Decentralisation and the need to consult widely are central to both political life and business life in Switzerland.
Individuals are expected to display high levels of diligence and technical competence in their approach to their jobs.
Swiss companies tend to be decentralised with high levels of autonomy being given to each business unit.
The Swiss desire clearly definable systems, which help people to understand both their personal roles within an organisation and their relationship with that organisation.
People have tended to remain fairly loyal to one organisation with little evidence of employee mobility or churn. This chimes with the Swiss desire for order and conformity.
As a whole, the Swiss are uncomfortable with change which needs to be introduced slowly and explained fully.
Contrary to the stereotype, Swiss companies tend to be less hierarchically structured than comparable organisations in countries such as Germany or France.
It is important to be unpretentious in Switzerland. Don’t let people think that you think you are somebody important. Reserve and objectivity are valued highly.
It is important to be seen as being technically proficient and to be able to demonstrate this proficiency. Being a jack of all trades in Switzerland is not a virtue.
Although key decisions are made at the top, senior management will actively seek the approval of other levels of the organisation – knowing this to be imperative for successful implementation of new ideas.
Meetings tend to be formal, even stiff from some viewpoints. Agendas are produced and followed methodically.
Punctuality is of critical importance. Do not be late for meetings, it reflects poorly on your professionalism.
In meetings, speak about those areas which are pertinent to your functional expertise – don’t wander into areas which are grey to you.
People are expected to be well prepared for meetings. Do not turn up and hope to be able to get by. Lack of pre-planning can reflect badly on you.
Direct communication is expected and respected. Plain speaking is essential if the correct answer is to be found.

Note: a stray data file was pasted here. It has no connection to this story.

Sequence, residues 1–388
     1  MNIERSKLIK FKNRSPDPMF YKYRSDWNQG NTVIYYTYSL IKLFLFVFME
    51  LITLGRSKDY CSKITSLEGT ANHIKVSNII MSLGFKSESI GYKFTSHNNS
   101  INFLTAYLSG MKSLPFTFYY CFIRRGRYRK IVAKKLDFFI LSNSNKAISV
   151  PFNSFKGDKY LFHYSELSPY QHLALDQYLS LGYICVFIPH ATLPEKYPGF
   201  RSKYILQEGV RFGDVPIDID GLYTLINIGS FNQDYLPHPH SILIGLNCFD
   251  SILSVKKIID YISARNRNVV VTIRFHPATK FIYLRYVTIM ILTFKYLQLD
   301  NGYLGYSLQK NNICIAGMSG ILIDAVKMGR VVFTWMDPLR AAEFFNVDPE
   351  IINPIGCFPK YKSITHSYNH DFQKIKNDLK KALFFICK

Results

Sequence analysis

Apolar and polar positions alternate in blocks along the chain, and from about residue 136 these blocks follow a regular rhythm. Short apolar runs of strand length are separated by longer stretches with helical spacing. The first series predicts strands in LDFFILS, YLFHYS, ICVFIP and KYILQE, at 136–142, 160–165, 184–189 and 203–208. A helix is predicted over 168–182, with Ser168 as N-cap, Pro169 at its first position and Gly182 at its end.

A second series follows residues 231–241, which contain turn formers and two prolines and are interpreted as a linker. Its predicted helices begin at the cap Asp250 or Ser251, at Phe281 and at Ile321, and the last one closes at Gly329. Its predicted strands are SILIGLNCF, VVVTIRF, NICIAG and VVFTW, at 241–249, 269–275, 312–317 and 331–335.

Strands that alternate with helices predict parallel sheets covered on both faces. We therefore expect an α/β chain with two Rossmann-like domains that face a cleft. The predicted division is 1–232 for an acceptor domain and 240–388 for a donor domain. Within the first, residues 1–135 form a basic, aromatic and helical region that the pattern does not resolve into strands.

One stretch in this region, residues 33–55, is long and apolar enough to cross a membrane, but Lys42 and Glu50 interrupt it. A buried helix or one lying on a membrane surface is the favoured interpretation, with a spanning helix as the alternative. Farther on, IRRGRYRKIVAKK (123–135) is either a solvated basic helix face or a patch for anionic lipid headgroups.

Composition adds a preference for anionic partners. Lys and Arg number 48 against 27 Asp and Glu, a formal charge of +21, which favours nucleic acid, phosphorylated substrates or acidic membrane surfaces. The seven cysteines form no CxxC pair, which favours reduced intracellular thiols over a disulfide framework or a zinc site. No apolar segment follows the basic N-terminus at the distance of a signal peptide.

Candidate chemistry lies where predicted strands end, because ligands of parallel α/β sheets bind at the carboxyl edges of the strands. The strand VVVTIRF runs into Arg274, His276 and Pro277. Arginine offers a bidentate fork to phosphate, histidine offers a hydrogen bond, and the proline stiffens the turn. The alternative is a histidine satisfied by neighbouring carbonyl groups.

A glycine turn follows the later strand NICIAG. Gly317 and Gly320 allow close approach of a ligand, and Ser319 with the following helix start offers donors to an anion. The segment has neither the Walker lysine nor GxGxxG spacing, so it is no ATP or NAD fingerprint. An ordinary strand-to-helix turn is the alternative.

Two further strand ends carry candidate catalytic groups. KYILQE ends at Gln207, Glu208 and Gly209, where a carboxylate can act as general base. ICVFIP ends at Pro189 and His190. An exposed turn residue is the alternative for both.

Direct communication should not be confused with rudeness or aggression. Confrontation and direct debate are different beasts.
Teams consist of a group of individuals who expect to be allocated tasks and then left alone to get on with them.
The Swiss tend to be multi-lingual and are often at ease in meetings in three or four languages.
Business and private are not interchangeable. Meetings rarely begin with personal small talk and it can take time to create a close relationship with key Swiss contacts.
Food is important, so it is not always a good idea to talk business at mealtimes – be guided by your hosts on this.
Written and Produced by Keith Warburton
This country profile has been produced to give a short overview of some of the key concepts to bear in mind when doing business with contacts in Switzerland. It is intended to be an aid to business people who have commercial dealings with counterparties in the country but should not be seen as an exhaustive guide to this topic or as a substitute for more substantial research should there be a need.
With this in mind, we have covered the areas which are key to a better understanding of the cultural mindset underpinning business dealings in Switzerland and which are, quite often, extremely different from the approach and thought processes associated with business in other parts of the world.
Therefore this briefing note is broken into short, bite-sized sections on the following topics: